The time for citrus is coming soon. The winter months provide us with local oranges and tangerines and more, but the crop could be in jeopardy with the significant finding of the citrus psyllid in Santa Clara County.
The Santa Clara County Agricultural Commissioner, in cooperation with the California Department of Food and Agriculture (CDFA) and the United States Department of Agriculture (USDA), is beginning an extensive survey in response to the detection of Asian citrus psyllids (ACP) in the City of San Jose near Kelly Park. This is the first detection of ACP in Santa Clara County and the Bay Area.
The ACP were detected in a residential neighborhood near Phelan Avenue and Roberts Avenue in San Jose. Treatment activities will be carried out on all citrus plants surrounding the sites where the insects were trapped. Residents in the treatment area will be notified in advance of any activity. Additionally, an increased number of traps have been deployed and a visual survey is ongoing on the surrounding properties in an attempt to determine if there is an infestation.
“The Asian citrus psyllid is a dangerous pest of citrus,” said Joe Deviney, Santa Clara County Agricultural Commissioner. “We’re working to determine the full extent of this infestation so that we can protect our state’s vital citrus industry as well as our backyard citrus trees. We want to emphasize citrus is safe to eat and the disease is not harmful to human health. Working together we can prevent the harm this invasive species can cause.”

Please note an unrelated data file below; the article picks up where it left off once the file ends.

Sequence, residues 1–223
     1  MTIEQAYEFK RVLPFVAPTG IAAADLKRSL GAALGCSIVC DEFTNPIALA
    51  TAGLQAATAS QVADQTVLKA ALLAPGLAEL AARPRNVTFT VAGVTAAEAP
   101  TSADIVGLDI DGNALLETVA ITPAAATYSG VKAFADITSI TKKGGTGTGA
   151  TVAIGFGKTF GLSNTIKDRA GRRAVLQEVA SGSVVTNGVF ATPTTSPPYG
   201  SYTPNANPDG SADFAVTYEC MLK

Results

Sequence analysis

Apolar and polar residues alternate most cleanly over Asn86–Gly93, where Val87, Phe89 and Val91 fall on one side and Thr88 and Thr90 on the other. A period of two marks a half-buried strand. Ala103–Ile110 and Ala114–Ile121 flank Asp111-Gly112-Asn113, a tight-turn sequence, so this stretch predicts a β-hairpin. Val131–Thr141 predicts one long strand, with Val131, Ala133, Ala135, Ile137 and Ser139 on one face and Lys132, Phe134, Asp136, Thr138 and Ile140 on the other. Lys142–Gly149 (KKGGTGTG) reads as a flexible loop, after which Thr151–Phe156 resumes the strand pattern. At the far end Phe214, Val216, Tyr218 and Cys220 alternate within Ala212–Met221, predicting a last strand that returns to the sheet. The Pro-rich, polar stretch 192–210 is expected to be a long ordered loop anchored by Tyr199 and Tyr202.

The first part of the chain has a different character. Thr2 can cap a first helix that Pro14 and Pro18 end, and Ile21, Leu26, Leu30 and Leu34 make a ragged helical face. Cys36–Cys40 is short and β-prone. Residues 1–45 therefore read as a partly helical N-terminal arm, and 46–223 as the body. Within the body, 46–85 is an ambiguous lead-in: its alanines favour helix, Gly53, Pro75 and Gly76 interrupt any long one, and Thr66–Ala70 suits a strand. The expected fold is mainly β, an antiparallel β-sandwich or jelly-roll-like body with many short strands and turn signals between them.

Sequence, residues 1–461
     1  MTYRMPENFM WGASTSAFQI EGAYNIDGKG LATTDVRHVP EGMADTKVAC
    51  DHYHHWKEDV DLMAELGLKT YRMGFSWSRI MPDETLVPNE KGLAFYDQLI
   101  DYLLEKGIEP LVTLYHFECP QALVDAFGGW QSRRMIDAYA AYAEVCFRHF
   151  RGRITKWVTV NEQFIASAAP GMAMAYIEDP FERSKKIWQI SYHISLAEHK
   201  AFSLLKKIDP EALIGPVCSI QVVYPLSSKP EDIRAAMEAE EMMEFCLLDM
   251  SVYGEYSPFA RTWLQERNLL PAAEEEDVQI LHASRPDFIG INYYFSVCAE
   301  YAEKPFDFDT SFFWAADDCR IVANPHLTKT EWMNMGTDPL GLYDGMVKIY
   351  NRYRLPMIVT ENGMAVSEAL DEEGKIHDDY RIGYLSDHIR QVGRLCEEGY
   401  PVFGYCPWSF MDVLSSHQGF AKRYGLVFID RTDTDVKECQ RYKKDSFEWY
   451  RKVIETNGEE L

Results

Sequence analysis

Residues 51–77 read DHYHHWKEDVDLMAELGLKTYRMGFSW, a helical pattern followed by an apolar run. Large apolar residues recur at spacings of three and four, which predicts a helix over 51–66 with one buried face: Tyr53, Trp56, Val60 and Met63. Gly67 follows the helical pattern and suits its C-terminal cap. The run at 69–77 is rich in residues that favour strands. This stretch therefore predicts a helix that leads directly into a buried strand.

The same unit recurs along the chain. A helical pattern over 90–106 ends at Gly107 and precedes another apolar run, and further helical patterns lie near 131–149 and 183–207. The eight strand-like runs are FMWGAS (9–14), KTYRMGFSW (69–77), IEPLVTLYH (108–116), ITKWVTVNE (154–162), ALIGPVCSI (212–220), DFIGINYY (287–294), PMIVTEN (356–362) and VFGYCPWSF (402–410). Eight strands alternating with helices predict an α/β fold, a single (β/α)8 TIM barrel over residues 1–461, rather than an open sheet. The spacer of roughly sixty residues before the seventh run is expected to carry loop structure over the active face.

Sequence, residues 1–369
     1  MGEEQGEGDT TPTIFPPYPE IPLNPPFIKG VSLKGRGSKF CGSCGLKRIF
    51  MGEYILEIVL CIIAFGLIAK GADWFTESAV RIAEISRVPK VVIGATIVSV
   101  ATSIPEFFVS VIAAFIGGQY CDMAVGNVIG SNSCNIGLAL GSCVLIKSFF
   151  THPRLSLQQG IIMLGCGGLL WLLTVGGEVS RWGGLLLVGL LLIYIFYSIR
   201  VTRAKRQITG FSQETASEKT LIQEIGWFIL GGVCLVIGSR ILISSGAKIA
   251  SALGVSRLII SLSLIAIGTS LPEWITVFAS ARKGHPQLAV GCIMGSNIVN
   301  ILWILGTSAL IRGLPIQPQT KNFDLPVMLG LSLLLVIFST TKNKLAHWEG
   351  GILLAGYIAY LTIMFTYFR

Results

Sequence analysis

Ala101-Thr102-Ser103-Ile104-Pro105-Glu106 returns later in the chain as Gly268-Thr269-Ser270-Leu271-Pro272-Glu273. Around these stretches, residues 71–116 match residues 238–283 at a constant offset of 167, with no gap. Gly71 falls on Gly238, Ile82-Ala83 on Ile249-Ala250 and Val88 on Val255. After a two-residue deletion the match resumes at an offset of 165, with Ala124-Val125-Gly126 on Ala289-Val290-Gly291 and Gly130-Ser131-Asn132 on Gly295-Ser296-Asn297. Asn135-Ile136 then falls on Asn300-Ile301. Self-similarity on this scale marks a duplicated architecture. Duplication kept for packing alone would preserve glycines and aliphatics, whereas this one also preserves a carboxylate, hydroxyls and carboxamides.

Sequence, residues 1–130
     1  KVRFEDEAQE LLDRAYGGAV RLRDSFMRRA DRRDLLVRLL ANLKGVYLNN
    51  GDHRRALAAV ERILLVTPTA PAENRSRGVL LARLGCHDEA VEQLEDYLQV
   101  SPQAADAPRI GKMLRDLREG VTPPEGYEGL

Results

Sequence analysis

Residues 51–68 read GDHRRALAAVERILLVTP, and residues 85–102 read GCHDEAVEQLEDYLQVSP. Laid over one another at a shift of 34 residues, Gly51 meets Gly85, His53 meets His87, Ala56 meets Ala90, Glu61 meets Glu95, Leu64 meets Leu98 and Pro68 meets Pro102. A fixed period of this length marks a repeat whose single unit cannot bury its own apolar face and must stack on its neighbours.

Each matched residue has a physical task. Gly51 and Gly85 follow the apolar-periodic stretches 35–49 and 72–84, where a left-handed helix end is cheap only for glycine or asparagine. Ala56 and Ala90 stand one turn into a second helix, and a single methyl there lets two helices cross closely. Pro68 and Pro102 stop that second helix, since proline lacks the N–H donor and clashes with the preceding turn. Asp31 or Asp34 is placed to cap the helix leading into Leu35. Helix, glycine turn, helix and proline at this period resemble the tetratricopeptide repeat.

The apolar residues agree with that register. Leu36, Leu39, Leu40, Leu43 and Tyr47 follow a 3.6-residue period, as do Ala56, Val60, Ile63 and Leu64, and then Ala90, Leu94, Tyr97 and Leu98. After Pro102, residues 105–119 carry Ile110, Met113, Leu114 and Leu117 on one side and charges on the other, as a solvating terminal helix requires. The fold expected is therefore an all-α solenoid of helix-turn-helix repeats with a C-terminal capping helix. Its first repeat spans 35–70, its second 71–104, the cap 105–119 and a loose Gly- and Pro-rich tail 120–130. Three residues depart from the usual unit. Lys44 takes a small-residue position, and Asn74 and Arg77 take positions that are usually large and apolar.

The ACP is an invasive species of grave concern because it can carry the disease huanglongbing (HLB), also known as citrus greening. All citrus and closely related species are susceptible hosts for both the insect and the disease. There is no cure once a tree becomes infected, the diseased tree will decline in health and produce bitter, misshaped fruit until it dies. HLB has been detected just once in California – in 2012 on a single residential property in Hacienda Heights, Los Angeles County. HLB is present in Mexico and in parts of the southern U.S. Florida first detected ACP in 1998 and the disease in 2005, and the two have now been detected in all 30 citrus-producing counties in that state. The University of Florida estimates the disease has tallied more than 6,600 lost jobs, $1.3 billion in lost revenue to growers and $3.6 billion in lost economic activity.
Check your trees at home and be vigilant in letting the CDFA know if you have spotted what you think is the citrus psyllid. Check with your local Master Gardeners of Santa Clara County. Residents in the area who think they may have seen the pest are urged to call the Pest Hotline at 1-800-491-1899. For more information on the Asian citrus psyllid and huanglongbing disease, please visit: www.cdfa.ca.gov/plant/acp